Right of First Refusal in Family Law
It is commonly agreed that adults want what is best for their child. It is also commonly agreed that parents are the most influential figures in a child’s life, providing a world view for the child from a young age. Time spent with each parent helps not only to shape the personality of the child but teaches them valuable life lessons while also providing them an impression of what makes a family.
It is invaluable for a child to spend as much time as possible with both parents, but circumstances such as divorce or separation between the parents makes this more difficult. Conflicts and disagreements can impact the time each parent spends the child and can ultimately affect the parent-child relationship. Allocating parenting time in a shared parenting situation can get difficult but the right of first refusal can help make this challenge easier. Having this right of first refusal as a provision in a child custody agreement helps to manage the time kids spend with each parent.
WHAT IS THE RIGHT OF FIRST REFUSAL?
In a child custody situation, the right of first refusal means that one parent must first offer the other parent the opportunity to look after their children before contacting a third-party such as a babysitter or another family member. This is a clause that is commonly added to child custody agreements to help navigate parenting time exchanges, with the benefit that the child gets to spend more time with their parents rather than a non-parent figure.
The right of first refusal can apply to both planned and pre-planned events. For example, if one parent had planned three months in advance to go to an event, then the right of first refusal applies. Or, if one parent has to unexpectedly stay later at work and is unable to care for the child for a length of time, then the right of first refusal could also apply.
WHAT ARE ADVANTAGES FOR THE RIGHT OF FIRST REFUSAL?
The parents get to spend more time with their child. One of the biggest fears of divorcing or separated parents is that they will not have enough quality time with their child. Time demands of work, school, and other day-to-day activities also work to limit the time a parent would have with their children, so this clause is an easy way to provide extra parenting time.
No one cares more about a child’s welfare and safety than a parent. The right of first refusal helps to ensure that the child’s care is entrusted with someone who has the child’s best interest at heart.
This helps encourage the parents to communicate with each other. The right of first refusal clause helps to keep both parents involved in the care of their child and promotes a healthy, friendly relationship between the parents rather than an antagonistic relationship.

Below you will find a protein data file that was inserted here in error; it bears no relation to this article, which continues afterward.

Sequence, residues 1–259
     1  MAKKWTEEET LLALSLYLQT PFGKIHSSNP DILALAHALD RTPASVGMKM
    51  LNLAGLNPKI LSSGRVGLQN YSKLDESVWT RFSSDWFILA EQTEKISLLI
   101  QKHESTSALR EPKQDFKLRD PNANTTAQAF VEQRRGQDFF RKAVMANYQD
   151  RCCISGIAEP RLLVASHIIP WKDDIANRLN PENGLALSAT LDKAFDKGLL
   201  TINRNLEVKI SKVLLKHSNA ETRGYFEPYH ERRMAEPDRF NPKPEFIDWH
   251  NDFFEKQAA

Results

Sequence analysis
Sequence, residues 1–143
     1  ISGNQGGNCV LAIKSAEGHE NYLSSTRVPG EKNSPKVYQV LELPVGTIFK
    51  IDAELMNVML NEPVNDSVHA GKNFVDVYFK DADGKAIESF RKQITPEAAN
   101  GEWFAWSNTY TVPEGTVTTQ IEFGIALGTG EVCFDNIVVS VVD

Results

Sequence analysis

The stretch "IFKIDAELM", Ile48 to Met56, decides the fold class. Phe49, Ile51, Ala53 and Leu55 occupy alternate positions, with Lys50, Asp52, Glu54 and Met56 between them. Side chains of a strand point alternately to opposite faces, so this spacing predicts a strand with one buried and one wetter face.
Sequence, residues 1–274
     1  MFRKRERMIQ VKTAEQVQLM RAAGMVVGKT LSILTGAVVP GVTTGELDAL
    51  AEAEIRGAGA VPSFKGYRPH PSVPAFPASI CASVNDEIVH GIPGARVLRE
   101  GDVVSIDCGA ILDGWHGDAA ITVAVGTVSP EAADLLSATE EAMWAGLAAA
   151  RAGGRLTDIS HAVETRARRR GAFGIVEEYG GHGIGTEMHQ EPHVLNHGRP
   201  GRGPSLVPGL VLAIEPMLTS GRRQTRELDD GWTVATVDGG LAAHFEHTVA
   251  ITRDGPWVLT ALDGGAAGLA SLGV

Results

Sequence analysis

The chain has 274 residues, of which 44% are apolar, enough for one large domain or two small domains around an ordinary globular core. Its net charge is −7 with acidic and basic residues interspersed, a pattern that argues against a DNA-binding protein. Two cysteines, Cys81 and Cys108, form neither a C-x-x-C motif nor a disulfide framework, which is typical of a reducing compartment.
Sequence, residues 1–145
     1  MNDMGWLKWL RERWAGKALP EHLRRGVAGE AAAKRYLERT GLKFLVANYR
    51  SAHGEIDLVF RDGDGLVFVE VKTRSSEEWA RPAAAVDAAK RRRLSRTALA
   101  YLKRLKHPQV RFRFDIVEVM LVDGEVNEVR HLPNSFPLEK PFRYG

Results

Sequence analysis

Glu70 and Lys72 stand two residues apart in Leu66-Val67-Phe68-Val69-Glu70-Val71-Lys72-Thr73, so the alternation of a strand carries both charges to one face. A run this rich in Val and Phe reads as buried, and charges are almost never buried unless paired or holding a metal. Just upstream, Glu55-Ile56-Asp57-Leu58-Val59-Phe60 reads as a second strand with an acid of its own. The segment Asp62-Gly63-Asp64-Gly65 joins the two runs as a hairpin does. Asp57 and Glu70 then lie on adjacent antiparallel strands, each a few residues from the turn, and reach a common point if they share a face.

WHAT ARE DISADVANTAGES FOR THE RIGHT OF FIRST REFUSAL?
The right of first refusal has the possibility of interfering with other relationships in the child’s life, such as with grandparents or aunts and uncles. If the other parent always agrees to watch the child, then it may mean that the child would not be able to see other relatives unless you are there with them.
It can create distrust or conflict between parents. Last minute changes can lead to problems where the other parent is unable to take care of the child leaving you to find a babysitter last minute.
It can create interpretation problems depending on how strict the wording of the clause is. If you were to remarry or in a long-term relationship, would your new partner be able to watch the child or would the right of first refusal still apply? Does this mean summer camps are not allowed? What happens once the child is old enough to sleepover at a friend’s house or old enough to drive?
NEGOTIATING A RIGHT OF FIRST REFUSAL
One must be careful when negotiating the terms of the right of first refusal. Depending on the terms stated, it could mean that no one but a parent can watch a child, or limit what experiences a child may be able to experience such as sleepovers. It is important to think of the long-term consequences while drafting this. Some things to keep in mind include:
The minimal amount of time a parent must be unavailable before the right of first refusal comes into action.
Use specific language and define time frames. For example, how long is the weekend? Is it Friday evening to Sunday night? Or is it 7pm on Friday night to 10pm on Sunday?
Are family members allowed to watch and care for the child?
Are daycares and work supported childcare allowed?